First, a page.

Category Archives: flea and tick preventative

Home Remedy Flea Treatments: Fact or Myth?

By Suzanne Alicie

Our dog Bear is a big fluffy dog, and fleas love her. Every year around the start of spring we begin to notice her scratching and chewing a bit and immediately give her a bath. For some reason the fleas seem to thrive after that bath making her miserable. Julia Williams tackled a few of the myths about fleas that many folks believe. Now it’s time to see about some of the home remedy myths concerning fleas. While fleas can be a hassle, it is all part of responsible pet ownership.

We have tried all sorts of home remedies and over the counter topical treatments, and have found that there is some truth to nearly all the rumors about what works but that it really takes a combination of things to get rid of the fleas on our dog and the ones that invade our house each year around this time. After all, it does no good to get the fleas off of Bear if there are fleas in the house to jump back on her.  So, here is a brief recounting of my experience with home remedies for fleas.

Dawn original blue dish detergent is said to be quite effective on fleas and is gentle on a dog’s skin. We actually use Dawn to bathe the dog quite often and yes, it does kill the fleas that are alive on her at the time. I’m assuming that has more to do with drowning and less to do with any sort of chemical death because it doesn’t seem to affect the eggs and doesn’t repel fleas after the bath.

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Winter is the Best Time to Fight Fleas


By Linda Cole

Fleas are nasty little critters that think nothing of hitching a ride on our pets or on us anywhere in our homes. One or two fleas may not seem like a problem, but it only takes a few to morph into a serious infestation in a matter of weeks. Winter is the best time to attack and mount a counter offensive against this invading pest that can be hard to find and even harder to eliminate. The first line of defense begins by understanding the life cycle of fleas.

Just because you don’t find fleas on your pet, doesn’t mean you don’t have a flea problem. That’s because adult fleas spend most of their time in your home rather than on your pet. Our pets are nothing more than a meal ticket and a place to lay eggs or hitch a ride. The female flea will lay eggs anywhere in the home, not just on your dog or cat. Not only are fleas a biting terror, some have tapeworm eggs which can infect your pet.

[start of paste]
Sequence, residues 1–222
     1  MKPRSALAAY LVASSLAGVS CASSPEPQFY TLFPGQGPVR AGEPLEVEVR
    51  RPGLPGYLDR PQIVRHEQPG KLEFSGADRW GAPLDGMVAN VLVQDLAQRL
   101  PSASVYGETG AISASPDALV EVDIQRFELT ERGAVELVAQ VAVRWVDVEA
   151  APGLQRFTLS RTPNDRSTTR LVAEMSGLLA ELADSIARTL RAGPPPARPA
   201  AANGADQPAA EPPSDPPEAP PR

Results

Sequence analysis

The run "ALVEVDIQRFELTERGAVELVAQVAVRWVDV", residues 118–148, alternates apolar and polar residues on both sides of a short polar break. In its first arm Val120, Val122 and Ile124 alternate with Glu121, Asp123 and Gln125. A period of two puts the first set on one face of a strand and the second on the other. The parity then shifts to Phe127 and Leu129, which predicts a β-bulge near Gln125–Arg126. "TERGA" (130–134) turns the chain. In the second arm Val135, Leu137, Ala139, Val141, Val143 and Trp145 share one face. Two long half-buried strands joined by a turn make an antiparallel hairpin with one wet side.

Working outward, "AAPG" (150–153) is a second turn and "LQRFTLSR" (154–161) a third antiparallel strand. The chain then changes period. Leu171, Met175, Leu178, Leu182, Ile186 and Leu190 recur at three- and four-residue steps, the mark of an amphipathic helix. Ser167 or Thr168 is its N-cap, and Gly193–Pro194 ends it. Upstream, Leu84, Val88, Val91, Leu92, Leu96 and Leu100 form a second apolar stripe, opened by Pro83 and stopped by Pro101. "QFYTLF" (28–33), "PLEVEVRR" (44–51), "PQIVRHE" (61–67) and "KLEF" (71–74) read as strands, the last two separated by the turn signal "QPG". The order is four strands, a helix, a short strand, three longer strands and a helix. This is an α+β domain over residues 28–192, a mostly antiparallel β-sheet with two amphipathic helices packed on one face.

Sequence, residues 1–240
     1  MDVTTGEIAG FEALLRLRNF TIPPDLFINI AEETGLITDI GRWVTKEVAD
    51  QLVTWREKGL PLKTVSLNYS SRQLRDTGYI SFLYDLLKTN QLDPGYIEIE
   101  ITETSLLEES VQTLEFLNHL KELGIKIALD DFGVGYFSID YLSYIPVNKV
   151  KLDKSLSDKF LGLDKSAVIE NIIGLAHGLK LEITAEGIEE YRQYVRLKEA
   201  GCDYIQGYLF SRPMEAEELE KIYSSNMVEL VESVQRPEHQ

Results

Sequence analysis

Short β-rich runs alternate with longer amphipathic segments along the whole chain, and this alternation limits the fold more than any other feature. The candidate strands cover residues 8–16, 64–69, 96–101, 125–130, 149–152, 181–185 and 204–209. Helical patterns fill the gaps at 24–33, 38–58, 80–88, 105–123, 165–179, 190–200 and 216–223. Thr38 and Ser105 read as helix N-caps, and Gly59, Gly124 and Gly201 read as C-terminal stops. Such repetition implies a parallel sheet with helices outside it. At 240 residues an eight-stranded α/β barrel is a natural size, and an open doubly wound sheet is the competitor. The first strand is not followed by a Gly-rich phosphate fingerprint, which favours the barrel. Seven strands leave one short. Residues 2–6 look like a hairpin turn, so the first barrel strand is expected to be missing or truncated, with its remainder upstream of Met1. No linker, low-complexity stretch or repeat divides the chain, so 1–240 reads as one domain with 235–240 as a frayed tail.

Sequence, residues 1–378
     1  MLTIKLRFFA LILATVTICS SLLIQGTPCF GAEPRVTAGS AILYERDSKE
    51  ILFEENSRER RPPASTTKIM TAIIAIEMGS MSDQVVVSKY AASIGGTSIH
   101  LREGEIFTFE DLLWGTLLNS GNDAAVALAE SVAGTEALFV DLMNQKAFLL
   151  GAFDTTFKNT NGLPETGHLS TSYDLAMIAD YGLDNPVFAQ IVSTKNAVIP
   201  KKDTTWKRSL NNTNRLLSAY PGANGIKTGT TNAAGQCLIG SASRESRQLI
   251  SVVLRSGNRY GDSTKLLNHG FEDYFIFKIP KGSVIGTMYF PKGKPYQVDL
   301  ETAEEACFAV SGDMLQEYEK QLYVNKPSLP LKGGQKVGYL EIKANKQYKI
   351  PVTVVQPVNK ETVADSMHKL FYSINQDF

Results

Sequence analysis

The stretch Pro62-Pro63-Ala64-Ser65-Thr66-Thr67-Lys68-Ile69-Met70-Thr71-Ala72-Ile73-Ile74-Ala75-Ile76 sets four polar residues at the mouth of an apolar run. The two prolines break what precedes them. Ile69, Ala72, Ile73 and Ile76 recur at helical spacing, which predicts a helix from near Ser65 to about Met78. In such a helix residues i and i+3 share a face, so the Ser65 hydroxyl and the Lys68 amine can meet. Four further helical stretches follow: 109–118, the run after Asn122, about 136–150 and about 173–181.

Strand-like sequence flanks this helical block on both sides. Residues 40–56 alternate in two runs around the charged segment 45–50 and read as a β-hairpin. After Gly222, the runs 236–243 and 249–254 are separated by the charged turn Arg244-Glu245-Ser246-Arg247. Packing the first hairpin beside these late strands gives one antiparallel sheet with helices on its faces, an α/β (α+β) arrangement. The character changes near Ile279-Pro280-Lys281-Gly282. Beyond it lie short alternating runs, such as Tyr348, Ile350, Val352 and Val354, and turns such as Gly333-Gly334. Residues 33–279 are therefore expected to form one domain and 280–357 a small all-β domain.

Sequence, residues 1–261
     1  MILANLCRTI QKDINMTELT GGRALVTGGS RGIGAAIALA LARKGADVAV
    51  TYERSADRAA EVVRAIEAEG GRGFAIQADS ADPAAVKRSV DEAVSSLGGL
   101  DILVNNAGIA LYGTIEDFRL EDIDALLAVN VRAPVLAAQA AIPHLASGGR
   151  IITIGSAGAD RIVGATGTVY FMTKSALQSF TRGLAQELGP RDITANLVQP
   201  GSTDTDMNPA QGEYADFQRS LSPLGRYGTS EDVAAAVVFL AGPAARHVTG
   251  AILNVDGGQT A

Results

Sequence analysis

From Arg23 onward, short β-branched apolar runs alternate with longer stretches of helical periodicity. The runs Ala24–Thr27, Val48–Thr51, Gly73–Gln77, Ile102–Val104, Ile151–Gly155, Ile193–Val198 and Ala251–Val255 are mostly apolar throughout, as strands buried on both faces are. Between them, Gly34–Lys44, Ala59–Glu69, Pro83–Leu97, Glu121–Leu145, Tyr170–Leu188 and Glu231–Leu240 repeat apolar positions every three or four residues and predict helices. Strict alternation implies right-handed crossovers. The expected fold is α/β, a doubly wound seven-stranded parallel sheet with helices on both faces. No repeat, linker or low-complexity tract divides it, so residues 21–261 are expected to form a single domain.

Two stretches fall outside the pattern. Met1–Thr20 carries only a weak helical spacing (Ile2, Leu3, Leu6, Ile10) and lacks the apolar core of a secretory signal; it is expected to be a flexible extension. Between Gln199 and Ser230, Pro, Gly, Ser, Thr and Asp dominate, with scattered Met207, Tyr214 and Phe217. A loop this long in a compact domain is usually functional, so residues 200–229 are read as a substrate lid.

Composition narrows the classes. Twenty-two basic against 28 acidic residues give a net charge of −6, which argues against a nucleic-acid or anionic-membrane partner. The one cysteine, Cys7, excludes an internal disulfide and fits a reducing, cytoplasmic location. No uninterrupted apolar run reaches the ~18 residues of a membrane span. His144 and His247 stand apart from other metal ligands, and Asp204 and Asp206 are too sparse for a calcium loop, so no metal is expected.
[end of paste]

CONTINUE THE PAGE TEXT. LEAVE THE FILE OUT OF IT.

The perfect temperature for the flea life cycle is between 70 and 85 degrees and 70% humidity. Winter is the best time to attack fleas because lower humidity levels can slow their development down. They are still in the environment, but less active. If you have a flea infestation in your home, only 5% are adult fleas. The real problem is the remaining population made up of 50% eggs, 30% larvae and 15% pupae.

The flea life cycle begins with the egg

An adult female flea can lay up to 50 eggs per day. Eggs that have been laid on your pet will drop off onto carpets, furniture, our beds, your pet’s bedding, along baseboards and cracks in wood flooring. Winter is the best time to attack a flea infestation because under ideal conditions, the tiny white eggs will hatch in about 2 days up to a couple of weeks. The dry heat from our furnaces slows the process and gives you more time to move furniture and do a deep cleaning of carpets, furniture and along the floor before the eggs move to the second stage.

The second stage of the flea life cycle: larvae

At this stage, they can move using tiny hairs that are attached to the larvae. They will go through three transformations as larvae and eat the feces of adult fleas (dried blood), organic material they find in carpets, bedding and outside in the soil. This stage will last 5 to 18 days and can be longer depending on weather conditions. The larvae will then spin a cocoon and move into the next stage.

The third stage of the flea life cycle: pupae

This is the last stage before fleas become adults. The flea will stay in this stage anywhere from 3 or 5 days up to a year or more if necessary. At this point, they are only waiting for the right conditions to emerge into adult biting pests.

Being aware of the life cycle of fleas helps to understand why winter is the ideal season to fight these nasty pests. First of all, it’s important to continue treating your pets with flea control throughout the winter months. The next step is to begin an aggressive cleaning offensive. Vacuuming daily will help pick up fleas in all four stages. Add a flea collar or spray flea control directly into the bag to kill any fleas you picked up and immediately remove the vacuum bag when you are finished. If you leave the bag in the vacuum, any fleas that hatch and are not affected by the flea collar or spray will have a chance to escape and start their own egg laying. Don’t forget to vacuum all of the furniture as well as along the baseboards and under the furniture.

To help break the life cycle of fleas, wash all bedding, removable furniture coverings and clothing your pet may have been on. For severe infestation, winter is the best time to attack fleas with a visit from your local pest control company. Foggers can also be used, but make sure to follow all of the instructions, warnings and cautions if using foggers.